For this installment of our series of interviews with AFPC leaders, we spoke with Hans Christensen, Engineering Specialist, Production and Transaction Printing, Xerox, to discuss how the AFPC helps the architecture and the industry grow together.
Q: What do you see as the single most important value AFP capabilities bring to an organization?
Hans: AFP has always been about production and control. The architecture sets the standard for production printing, and that’s a true strength.
Q: Why do you feel the AFPC is important to the print industry?
Hans: The AFPC keeps AFP current with the print industry. As vendors we have a unique sense of the pulse of the industry. When we hear about trends or what’s on print service providers’ minds, we bring that valuable insight back to the AFPC to keep the standard current and relevant.
Q: In your opinion, what is the biggest value the AFPC brings to the print industry?
Hans: The AFPC promotes and evolves the AFP standard in a collaborative effort. This translates into a unified vision of the print environment.
Q: How do you see the marketplace in ten years? How will AFP and PDF work together? Will there be more options for organizations to look to?
Hans: There will be even greater seamless conversions to and from PDF, and we’ll also see PDF making inroads into the transactional print area. In terms of collaboration, I see AFP and the architecture as a bigger umbrella, where PDF is more successfully used in specific areas where it fits the best.
Q: What is the most innovative application you’ve heard of that leverages AFP technology?
Hans: Some direct mail applications can be very innovative when, for example, output goes directly into a mail tray for delivery, and page accounting is used to weigh each job to make sure the right amount of paper is in the tray before it goes out.
Q: In your opinion, what was the most important evolution of AFP you’ve seen over the years?
Hans: One of the best things was moving the Consortium to an open standard. There have been a number of evolutionary steps for the language itself and the architecture, but this was pretty profound. Now, it is a collaboration, with more ideas coming in from different parts of the print industry. The perception of AFP as a more open standard, instead of a proprietary one, is important.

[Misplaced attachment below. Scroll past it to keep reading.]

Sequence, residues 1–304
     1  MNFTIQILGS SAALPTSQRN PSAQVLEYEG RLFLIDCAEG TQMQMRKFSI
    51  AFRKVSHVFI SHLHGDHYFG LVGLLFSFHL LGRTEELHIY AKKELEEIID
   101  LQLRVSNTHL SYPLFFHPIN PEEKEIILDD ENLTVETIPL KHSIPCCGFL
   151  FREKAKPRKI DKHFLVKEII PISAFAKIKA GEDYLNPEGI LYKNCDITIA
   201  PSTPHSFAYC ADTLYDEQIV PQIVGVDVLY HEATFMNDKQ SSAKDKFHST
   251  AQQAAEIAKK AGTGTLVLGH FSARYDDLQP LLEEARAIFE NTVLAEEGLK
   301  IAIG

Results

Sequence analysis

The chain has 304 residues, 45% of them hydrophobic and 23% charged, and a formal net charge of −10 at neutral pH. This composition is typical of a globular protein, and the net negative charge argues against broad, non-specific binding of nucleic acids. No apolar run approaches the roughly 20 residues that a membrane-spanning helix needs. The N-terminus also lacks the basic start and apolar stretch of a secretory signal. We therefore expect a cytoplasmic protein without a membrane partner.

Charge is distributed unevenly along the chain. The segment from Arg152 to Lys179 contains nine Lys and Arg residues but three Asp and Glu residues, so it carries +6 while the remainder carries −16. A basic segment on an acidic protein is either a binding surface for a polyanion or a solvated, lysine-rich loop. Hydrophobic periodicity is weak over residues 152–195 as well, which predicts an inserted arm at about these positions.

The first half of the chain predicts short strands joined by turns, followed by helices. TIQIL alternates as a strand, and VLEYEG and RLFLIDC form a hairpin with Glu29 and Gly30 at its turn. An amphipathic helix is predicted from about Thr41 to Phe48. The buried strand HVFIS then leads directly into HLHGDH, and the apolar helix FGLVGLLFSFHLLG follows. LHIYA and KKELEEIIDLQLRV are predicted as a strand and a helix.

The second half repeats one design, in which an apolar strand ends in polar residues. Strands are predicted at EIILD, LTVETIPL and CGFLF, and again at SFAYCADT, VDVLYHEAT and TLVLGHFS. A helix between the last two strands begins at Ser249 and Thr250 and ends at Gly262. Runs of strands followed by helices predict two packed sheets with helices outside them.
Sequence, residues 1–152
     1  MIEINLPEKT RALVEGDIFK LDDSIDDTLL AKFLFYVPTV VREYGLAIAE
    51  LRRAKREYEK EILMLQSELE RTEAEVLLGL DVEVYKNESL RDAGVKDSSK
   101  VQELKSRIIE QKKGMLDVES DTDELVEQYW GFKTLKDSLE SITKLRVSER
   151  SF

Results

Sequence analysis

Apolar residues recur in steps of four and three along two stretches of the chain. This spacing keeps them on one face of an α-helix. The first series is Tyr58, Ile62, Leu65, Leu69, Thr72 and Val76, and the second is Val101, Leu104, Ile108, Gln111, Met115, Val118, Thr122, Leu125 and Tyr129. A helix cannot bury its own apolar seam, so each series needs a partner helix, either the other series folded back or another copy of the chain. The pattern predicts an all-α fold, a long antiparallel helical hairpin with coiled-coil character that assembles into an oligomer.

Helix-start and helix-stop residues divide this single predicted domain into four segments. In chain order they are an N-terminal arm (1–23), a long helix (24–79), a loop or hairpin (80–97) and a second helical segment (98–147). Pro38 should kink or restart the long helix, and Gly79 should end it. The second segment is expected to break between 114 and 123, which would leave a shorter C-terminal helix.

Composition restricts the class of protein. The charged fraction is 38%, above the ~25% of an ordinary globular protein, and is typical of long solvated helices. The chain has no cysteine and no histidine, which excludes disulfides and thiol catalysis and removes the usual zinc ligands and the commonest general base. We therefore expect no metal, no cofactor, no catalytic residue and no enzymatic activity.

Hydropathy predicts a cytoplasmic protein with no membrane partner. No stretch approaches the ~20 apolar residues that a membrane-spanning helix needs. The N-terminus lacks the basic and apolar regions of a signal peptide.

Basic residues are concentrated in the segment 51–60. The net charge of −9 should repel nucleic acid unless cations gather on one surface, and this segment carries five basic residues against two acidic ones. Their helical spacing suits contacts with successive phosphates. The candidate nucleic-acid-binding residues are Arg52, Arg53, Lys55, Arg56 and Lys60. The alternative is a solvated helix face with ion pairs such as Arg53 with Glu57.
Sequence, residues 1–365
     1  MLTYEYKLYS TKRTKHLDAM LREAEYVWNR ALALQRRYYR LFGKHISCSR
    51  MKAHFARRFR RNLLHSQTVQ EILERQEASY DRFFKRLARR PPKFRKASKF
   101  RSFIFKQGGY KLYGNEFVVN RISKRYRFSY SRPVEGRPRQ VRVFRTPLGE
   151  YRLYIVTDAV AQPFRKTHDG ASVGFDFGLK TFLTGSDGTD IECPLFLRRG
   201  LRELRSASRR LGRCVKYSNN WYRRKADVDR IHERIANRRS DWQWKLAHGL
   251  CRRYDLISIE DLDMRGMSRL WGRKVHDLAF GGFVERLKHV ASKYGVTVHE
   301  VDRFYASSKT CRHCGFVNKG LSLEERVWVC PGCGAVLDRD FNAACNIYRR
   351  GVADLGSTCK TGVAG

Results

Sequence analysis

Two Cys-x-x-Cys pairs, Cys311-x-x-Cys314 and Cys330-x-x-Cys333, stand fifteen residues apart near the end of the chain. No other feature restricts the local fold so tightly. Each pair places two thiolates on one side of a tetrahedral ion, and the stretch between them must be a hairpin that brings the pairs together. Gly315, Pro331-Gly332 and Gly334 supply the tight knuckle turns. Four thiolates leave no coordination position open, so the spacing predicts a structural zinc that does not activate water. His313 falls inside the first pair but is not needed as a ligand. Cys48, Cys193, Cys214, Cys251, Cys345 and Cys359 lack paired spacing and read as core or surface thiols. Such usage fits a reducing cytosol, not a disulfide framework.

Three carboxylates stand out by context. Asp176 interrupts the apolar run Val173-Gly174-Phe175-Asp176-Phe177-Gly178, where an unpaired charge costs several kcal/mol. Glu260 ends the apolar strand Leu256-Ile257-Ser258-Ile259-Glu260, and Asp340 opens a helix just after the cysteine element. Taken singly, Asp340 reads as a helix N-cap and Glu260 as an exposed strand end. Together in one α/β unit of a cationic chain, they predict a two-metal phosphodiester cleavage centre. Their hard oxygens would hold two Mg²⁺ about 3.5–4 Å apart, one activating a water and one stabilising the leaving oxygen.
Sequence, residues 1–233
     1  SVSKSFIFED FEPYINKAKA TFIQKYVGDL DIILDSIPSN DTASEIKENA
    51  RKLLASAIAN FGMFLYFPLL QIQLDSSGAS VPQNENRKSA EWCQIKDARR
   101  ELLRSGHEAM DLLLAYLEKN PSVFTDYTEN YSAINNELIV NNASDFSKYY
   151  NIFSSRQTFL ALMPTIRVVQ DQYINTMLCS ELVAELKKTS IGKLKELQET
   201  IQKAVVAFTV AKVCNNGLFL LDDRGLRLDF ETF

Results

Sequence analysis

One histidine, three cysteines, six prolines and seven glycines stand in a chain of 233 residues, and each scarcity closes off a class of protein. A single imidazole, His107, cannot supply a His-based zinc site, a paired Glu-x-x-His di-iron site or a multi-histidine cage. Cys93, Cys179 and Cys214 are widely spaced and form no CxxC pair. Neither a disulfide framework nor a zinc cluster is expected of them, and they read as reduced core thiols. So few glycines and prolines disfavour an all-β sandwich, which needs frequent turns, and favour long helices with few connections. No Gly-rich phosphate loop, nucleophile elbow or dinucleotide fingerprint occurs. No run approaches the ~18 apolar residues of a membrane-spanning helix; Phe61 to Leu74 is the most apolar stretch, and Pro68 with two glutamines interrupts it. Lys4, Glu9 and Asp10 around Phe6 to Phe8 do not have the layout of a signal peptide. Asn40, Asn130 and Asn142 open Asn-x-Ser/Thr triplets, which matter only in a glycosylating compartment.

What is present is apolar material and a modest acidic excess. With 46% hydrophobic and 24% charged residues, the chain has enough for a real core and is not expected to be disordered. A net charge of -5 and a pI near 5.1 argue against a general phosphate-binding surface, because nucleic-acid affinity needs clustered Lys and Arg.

Q: In what industries do you see AFP being leveraged the most today? Where do you expect its adoption to increase in the next five years?
Hans: Ten years ago, predictions were that print would no longer exist, and that’s not the case. We’re seeing the high-end, continuous-feed market growing and color continues to be in high demand.
Q: What, in your mind, sets AFP apart from other presentation architectures?
Hans: The architecture itself. It scales well; it’s really well constructed and easily extends to any environment – even as that environment changes and grows. These are the reasons the architecture remains relevant today; anything that’s based on the architecture is going to plug and play well with it.
Q: What do you hope to accomplish through your efforts with the AFPC?
Hans: Through my efforts with the APFC, I would like to advance the AFP standard by bringing requirements to the table while adding my input to current change requests. Also, I would like to maintain the collaborative atmosphere created among all the different vendors, which at times overflows outside of the AFPC, alleviating what could be an adversarial atmosphere.
Q: Do you have any closing thoughts, or anything you’d like to add?
Hans: It would be great to see AFP be as well-known as PDF.